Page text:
The Mayan calendar used 3114 BC as their reference.More recently is the radiocarbon date of 1950 AD or before present, BP.Atoms of the same element that have different numbers of neutrons are called isotopes. Most carbon on Earth exists as the very stable isotope carbon-12, with a very small amount as carbon-13.Here’s an example using the simplest atom, hydrogen. Carbon-14 is an unstable isotope of carbon that will eventually decay at a known rate to become carbon-12.Radiocarbon dating uses isotopes of the element carbon. Cosmic rays – high energy particles from beyond the solar system – bombard Earth’s upper atmosphere continually, in the process creating the unstable carbon-14. Because it’s unstable, carbon-14 will eventually decay back to carbon-12 isotopes.Because the cosmic ray bombardment is fairly constant, there’s a near-constant level of carbon-14 to carbon-12 ratio in Earth’s atmosphere.Scientists tried to determine Earth’s age via our planet’s layers of rock, which must have been built over time.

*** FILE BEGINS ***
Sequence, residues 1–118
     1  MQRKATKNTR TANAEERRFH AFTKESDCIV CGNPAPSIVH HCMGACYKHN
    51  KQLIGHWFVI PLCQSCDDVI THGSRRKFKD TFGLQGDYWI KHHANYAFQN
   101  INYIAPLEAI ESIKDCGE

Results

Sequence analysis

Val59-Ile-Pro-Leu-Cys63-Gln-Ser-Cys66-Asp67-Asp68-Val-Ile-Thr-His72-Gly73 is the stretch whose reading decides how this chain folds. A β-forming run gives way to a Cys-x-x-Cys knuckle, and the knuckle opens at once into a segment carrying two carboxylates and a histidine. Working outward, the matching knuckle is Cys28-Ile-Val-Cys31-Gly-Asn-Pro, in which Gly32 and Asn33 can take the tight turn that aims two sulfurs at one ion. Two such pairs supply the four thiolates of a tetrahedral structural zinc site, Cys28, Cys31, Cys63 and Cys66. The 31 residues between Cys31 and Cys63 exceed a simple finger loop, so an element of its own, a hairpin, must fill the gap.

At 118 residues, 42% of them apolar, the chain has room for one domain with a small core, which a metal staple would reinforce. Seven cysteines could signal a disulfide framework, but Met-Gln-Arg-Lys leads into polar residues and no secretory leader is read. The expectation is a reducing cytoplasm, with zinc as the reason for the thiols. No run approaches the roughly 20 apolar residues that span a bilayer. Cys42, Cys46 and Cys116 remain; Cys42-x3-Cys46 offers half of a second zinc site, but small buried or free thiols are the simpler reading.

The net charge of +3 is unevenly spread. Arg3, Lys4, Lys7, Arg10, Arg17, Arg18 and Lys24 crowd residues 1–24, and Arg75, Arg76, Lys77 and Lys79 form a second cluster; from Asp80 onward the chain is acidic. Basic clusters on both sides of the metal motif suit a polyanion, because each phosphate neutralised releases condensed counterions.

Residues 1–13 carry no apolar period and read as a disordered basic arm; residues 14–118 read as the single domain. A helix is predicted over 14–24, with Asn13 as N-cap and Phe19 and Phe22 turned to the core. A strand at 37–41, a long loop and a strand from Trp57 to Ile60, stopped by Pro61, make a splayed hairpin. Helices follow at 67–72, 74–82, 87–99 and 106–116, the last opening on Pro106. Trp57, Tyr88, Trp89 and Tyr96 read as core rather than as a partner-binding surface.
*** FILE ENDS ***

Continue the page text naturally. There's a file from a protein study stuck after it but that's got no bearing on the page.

Today’s scientists believe that answer is incorrect, but Kelvin’s calculations were in being based on logical thinking and mathematical calculation.
Follow the links below to learn more about radiocarbon dating. Radiocarbon dating uses carbon isotopes A special kind of radiocarbon dating: Bomb radiocarbon dating What is an isotope?
To understand radiocarbon dating, you first have to understand the word Although an element’s number of protons cannot change, the number of neutrons can vary slightly from each atom.
Meanwhile, Arthur Holmes (1890-1964) was finishing up a geology degree at the Imperial College of Science in London where he developed the technique of dating rocks using the uranium-lead method.
By applying the technique to his oldest rock, Holmes proposed that the Earth was at least 1.6 billion years old.